5 Stinging Insects That Plague Cincinnati

Bald-Faced Hornet sitting on a leaf

If you call Cincinnati home and you always “gotta get goetta” as you head out, be on the lookout for the five stinging insects that plague Cincinnati as you leave the house. These pesky creatures can leave you with itchy welts that can be a real pain. 

Also, some insect bites can lead to allergic reactions. If things couldn’t get any worse, these nasty little creatures can also damage your house. Come along as we learn how to identify and get rid of these stinging pests.

Stinging Insects of Cincinnati

Michael Wedding

“There are a lot of health risks associated with stinging insects,” says Michael Wedding, technical director at Scherzinger Pest Control in Cincinnati. “It can be a surprise: All of a sudden, …you get stung multiple times, but you just don’t know when you came across the insect or nest.” 

Of course, in the cooler weather, you won’t come across a big nest of flying, stinging insects, he adds. In the winter, they are nesting and hiding in warm places. But watch out as spring hits. It can become a gathering bug storm. And when they get to a certain size at their peak season, stinging pests can be a big issue.

Check out Michael Wedding’s “top offenders” below. These culprits can sting and harm people and/or damage your property.

Yellow Jackets

Photo Credit: Sue Thompson / Flickr / CC BY-ND 2.0

Cincinnati homeowners should note that yellow jackets are wasps, not bees. While they are sometimes mistaken for honey bees due to their appearance, yellow jackets are typically more slender, boldly colored, and less hairy. 

In the spring, these somewhat aggressive wasps start developing nests. They can nest in the ground and wherever they find a cavity. “They get really busy starting to build up their nests in the summer,” Wedding says. “They are small, so you don’t really see them.”

Note: During the summer, yellow jackets actively search for food and grow to the size of a penny.

Here are five tips for Cincinnatians to spot yellow jackets and keep themselves safe:

  1. Observe your yard and garden often. 
  2. Walk all sides of your home and garage to check if any nests are in the process of being built or have been built.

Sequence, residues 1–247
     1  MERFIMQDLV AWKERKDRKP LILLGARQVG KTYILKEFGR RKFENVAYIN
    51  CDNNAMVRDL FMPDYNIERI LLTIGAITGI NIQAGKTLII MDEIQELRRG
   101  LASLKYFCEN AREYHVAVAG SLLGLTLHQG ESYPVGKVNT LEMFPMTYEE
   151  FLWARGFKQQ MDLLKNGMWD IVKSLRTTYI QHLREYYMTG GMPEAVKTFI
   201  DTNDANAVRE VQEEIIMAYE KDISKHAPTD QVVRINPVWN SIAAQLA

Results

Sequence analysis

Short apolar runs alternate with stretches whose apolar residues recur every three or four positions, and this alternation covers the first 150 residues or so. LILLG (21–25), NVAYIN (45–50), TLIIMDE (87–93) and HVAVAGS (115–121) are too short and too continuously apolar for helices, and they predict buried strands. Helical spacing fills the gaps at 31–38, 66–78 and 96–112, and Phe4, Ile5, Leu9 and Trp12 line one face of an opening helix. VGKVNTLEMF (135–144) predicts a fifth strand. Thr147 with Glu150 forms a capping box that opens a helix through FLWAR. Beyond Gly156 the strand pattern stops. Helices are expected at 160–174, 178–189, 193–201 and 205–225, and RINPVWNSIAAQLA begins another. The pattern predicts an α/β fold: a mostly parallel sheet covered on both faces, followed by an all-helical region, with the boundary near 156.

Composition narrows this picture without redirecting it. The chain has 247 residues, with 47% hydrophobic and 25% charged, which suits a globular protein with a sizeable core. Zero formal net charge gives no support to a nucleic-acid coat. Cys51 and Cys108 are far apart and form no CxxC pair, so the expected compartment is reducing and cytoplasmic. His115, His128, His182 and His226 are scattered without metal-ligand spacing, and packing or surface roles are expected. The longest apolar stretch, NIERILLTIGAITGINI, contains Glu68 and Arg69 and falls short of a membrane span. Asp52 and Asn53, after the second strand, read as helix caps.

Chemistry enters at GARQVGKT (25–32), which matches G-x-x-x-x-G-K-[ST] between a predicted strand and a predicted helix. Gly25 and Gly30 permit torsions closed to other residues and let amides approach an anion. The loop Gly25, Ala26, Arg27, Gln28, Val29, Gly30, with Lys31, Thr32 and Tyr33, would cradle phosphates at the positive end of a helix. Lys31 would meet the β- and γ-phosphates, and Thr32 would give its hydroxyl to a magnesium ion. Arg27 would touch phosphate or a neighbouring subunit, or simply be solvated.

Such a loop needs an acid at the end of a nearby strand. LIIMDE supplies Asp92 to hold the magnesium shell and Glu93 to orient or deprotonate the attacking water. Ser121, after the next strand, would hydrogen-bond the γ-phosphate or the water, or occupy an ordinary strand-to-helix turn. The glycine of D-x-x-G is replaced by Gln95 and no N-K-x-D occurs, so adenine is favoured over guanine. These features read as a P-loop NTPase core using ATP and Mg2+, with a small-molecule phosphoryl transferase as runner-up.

3. Watch for the flight pattern of the yellow jacket and find where they enter their nest. (Wedding says, “Their flight pattern is the exact same pattern each time. It’s a constant flow.”)
  4. Avoid that area once you have determined where the nest has been built. (Yellow jackets will repeatedly chase and sting trespassers.)
  5. Connect with a pest control expert

Caution: Sometimes, while working in their yard, gardeners mistakenly disturb a yellow jacket’s nest as they plunge a shovel into the soil or while mowing the lawn.

Bald-Faced Hornet

Bald-Faced Hornet sitting on wood
Bald-faced hornet.
Photo Credit: Marvin Smith / Flickr / CC BY SA-2.0.

These insects, which Wedding says are not really hornets but more like yellow jacket wasps, mature into a little bit bigger than a yellow jacket. They develop into the size of a nickel with black and yellow or black and white striping. They get their name from the ivory-white markings on their face, thorax, legs, and abdomen.

When identifying a bald-faced hornet nest, here are some things to look for: 

  • They make their nests from fecal matter, saliva, dirt, and debris.
  • In early spring, their nests start out the size of a golf ball. 
  • As the nest grows, it looks like a papier-mache object. 
  • They can be seen in trees, on the sides of buildings, and around light posts or patio lights. 
  • Be observant before the nest gets large. (They can be more aggressive than yellow jackets when disturbed.) 

Note: Have you noticed a nest high in a tree? Wedding offers this advice: “If a bald-faced hornet’s nest sits in a tree 20 feet up, it probably is not a threat. But if it’s at ground level, that will affect the public.”

Carpenter Bee

Carpenter bee
Photo Credit: Judy Gallagher / Flickr / CC BY 2.0

Ohio is home to approximately 500 species of bees, among which the carpenter bee, also called the wood bore bee, is found. Carpenter bees are generally not hostile unless you disturb them.  So, leave them alone, and they’ll do the same.

Having said that, Cincinnati homeowners should still be observant about any potential wood damage the carpenter bee can do to their homes. Carpenter bees do not feed on wood. Instead, they drill into it, constructing tunnels for their nests, where they keep food and rear their offspring.

Interestingly enough, the female carpenter bees prefer unpainted wood in which to create their homes. You’ll often find them in:

  • Roof eaves
  • Attics
  • Decks
  • Windowsills
  • Doors
  • Railings
  • Porches
  • Sides of your home

Once she finds her perfect spot, she drills holes (2 or more inches deep) into the wood and lays eggs inside those wood holes. “You can end up having property damage. Most people will see remnants of them drilling through and pollen and fecal matter on the side of [the] house. It just looks like yellow gunk,” Wedding says. That becomes your indication of a carpenter bee.

Note: If you spot a small hole in your home’s exterior wood, there’s no need to worry just yet. However, it’s important to keep an eye on it since what starts as a single tunnel can quickly escalate into a significant problem as baby bees grow and the hive expands. 

Male Carpenter Bee

It may seem like the male carpenter bee is tough, but it’s all for show. Wedding says, “If you take a tennis racket and hit them, it’s not a big issue. They can’t sting you.” Although the male carpenter bee has no stinger, they still protect the nests.

Female Carpenter Bee

Although female bees sting, they also play an important role as pollinators. These bees are larger in size, ranging from a nickel to a quarter, and can be recognized by their furry yellow and black covering. While they have a vital role, they also threaten the public.